The Sausalito Marin City School District, still in the first year of its historic unification, is about $1.5 million short of what it needs to stay above the 4% reserve minimum, analysis shows. County.
The Marin County Office of Education issued a “qualified” district budget certification in mid-December. The designation means that unless changes are made, “the district may not be able to meet its financial obligations for the current two years and the next two years,” said Mary Jane Burke, superintendent of schools. of Marin, in a January 14 letter to the district council. of trustees.
Burke said the drop below 4% in reserves first emerged last month when the district submitted its first interim report on the current budgets and the next two. It revealed the district’s use of one-time pandemic relief funds to bolster staff during the process of unifying its schools. The budget for schools in the city of Sausalito Marin is normally around $10.5 million. With additional pandemic relief money from the current year, it comes to $12 million.
“The increase in the deficit is mainly due to an increase in personnel costs,” she said in the letter, which the administrators discussed on Thursday during a budget workshop. “Notably, the district increased its initial unified endowment budget by $1.6 million when it passed its 2021-22 budget in June, using restricted one-time funds.
Burke and Terena Mares, deputy superintendent of schools in Marin, acknowledged the district knew it was using one-time funds to help achieve unification between Willow Creek Academy, its former charter school in Sausalito, and the Bayside Martin Luther King operated by the district. Jr. Academy in Marin City.
“We were told the band-aid could have been removed before we unified – but we didn’t think that was a good idea,” administrator Yasmine McGrane said, referring to one-time funds at Thursday’s workshop. . “Now we need to do everything we can to help the district get back to 4% minimum reserves.”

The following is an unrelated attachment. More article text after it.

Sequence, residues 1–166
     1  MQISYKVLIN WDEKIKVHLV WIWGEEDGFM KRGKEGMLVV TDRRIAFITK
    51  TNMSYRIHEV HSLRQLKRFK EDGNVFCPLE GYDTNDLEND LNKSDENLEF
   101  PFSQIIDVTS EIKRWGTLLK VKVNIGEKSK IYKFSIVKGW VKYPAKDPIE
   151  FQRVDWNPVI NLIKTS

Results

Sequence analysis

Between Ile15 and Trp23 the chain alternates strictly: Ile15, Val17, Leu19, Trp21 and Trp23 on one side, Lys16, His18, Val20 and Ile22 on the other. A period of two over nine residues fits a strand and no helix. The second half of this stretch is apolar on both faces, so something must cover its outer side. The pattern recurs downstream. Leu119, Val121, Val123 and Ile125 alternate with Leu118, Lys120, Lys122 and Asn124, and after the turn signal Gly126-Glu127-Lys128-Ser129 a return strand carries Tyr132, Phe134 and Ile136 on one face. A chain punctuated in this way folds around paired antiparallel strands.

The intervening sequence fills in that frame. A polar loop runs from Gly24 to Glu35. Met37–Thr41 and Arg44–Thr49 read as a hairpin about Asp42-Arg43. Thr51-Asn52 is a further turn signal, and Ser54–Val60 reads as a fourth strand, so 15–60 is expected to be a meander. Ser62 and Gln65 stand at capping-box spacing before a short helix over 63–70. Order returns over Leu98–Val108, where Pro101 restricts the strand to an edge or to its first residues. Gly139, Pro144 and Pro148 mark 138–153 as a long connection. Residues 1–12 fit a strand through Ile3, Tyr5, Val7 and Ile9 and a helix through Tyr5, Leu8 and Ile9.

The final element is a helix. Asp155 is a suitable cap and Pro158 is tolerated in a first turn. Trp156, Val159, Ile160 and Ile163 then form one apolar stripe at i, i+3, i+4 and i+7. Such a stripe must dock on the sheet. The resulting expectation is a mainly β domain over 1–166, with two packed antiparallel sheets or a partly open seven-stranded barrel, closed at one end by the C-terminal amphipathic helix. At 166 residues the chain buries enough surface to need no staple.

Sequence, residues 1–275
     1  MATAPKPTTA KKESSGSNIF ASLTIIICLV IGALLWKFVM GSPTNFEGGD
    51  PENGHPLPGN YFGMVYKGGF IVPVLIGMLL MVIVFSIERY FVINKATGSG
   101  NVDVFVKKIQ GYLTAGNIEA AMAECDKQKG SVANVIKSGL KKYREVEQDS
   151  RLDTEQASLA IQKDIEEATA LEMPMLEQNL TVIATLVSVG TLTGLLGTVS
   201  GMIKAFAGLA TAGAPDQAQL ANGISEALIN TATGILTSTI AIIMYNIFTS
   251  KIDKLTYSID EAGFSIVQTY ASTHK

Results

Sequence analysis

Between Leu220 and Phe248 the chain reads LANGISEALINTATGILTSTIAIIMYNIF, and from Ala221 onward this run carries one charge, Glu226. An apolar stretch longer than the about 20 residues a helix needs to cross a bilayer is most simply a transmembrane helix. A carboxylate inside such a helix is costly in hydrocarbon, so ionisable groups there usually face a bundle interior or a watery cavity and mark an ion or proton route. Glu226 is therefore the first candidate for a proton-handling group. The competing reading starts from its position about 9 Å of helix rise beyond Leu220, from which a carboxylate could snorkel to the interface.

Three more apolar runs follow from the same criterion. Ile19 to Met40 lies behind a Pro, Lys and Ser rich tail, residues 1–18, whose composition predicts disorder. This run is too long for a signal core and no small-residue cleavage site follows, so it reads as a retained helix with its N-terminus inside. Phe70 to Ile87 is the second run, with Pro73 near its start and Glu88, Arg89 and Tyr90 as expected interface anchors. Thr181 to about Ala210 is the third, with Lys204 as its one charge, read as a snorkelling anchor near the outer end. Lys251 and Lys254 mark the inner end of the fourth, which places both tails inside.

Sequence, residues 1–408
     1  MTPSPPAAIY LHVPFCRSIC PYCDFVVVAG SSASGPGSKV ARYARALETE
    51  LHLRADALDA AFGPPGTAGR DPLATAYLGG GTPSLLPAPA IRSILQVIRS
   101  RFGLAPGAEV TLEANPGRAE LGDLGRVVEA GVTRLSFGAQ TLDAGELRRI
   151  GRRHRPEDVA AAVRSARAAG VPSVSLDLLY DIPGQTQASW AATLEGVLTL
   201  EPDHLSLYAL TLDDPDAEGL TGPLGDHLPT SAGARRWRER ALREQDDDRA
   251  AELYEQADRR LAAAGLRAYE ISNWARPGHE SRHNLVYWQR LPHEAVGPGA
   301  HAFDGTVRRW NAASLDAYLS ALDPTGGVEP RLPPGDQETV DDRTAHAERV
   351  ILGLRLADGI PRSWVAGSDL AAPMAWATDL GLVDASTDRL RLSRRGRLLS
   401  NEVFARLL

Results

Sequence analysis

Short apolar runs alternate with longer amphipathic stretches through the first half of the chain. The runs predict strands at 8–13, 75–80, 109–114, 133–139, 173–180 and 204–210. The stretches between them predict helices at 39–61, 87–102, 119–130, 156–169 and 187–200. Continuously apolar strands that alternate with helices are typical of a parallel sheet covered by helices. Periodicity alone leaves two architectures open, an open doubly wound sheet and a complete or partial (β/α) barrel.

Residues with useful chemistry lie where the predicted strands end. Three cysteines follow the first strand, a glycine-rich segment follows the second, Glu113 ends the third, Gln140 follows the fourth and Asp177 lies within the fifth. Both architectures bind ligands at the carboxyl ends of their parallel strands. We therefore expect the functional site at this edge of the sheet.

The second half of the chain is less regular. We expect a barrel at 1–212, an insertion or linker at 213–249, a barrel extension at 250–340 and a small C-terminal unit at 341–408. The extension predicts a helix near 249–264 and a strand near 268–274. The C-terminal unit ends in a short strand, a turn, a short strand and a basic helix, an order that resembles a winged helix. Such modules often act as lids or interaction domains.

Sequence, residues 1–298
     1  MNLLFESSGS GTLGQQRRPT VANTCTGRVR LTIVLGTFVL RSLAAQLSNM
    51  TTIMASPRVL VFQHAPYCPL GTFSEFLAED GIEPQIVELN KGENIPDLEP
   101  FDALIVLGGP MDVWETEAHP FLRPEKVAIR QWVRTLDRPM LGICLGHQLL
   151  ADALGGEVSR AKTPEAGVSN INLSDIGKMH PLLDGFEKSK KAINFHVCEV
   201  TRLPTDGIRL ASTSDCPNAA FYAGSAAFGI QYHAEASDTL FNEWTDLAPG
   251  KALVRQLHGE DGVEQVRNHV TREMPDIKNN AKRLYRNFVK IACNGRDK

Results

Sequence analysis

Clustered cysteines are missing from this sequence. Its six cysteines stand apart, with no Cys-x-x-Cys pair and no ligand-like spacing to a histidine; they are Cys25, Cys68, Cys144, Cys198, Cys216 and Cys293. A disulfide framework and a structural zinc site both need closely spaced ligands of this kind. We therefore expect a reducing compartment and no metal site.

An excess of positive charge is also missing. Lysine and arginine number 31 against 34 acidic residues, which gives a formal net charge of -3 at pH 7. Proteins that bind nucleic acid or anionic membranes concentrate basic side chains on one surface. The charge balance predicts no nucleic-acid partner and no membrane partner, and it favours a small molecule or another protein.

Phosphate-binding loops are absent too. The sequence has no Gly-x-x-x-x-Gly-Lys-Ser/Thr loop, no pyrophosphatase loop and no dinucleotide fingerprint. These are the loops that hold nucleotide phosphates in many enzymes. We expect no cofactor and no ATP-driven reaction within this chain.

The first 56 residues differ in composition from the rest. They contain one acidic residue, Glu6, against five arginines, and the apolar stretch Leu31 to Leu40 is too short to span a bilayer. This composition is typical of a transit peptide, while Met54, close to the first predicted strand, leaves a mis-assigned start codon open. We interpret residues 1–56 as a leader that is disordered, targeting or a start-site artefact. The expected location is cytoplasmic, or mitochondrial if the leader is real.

McGrane added: “We knew this was coming. It’s not like it fell from the sky.
Administrator Bonnie Hough agreed, saying, “I think considering everything we had to do to achieve this unification, I think we did remarkably well.”
Mares, who attended the workshop, said she would step in to help the district reduce its spending plans and increase its reserves above 4%. Further support will come from a new budget advisory committee, approved at a special meeting later Thursday, and a tax consultant who will meet frequently with the district and other staff.
“It will be difficult, but it is necessary to continue to provide a stable environment for the children,” Mares told the council. “We’re not saying you can’t hire, but you should review every position very carefully before filling it.”
The county ordered the district to freeze vacancies and use rigid analysis before any new hires. The council was also ordered to pass public resolutions this month and in February and March explaining the situation to the community.
The first resolution was adopted at the special meeting on Thursday evening.
Superintendent Itoco Garcia said he will need to add to the roster the person responsible for monitoring the district’s progress in complying with a 2019 desegregation order from the state attorney general’s office. He said the desegregation order specifies that students in the unified school should be provided with a certain level of equal and appropriate education.
“I’m not going to remove accredited teachers for a single subject,” Garcia said.
Garcia said while the district can get back on track fiscally, he doesn’t believe the qualified rating will affect the district’s bond rating when issuing new bonds. The district has already issued its first round of voter-approved Measure P bonds to complete repairs and renovations at both Sausalito and Marin City campuses.
Mares said no one blames the district for the current budget situation, given the needs of unification in the midst of a pandemic. The new unified school was named the Dr. Martin Luther King Jr. Academy earlier this month.
“There isn’t a single school district in the state that isn’t dealing with the most complicated budgets they’ve ever had right now,” she said. “Yeah, there’s a ton of new money coming in, but it’s all tied to conditions – and you have the added complexity of unification.”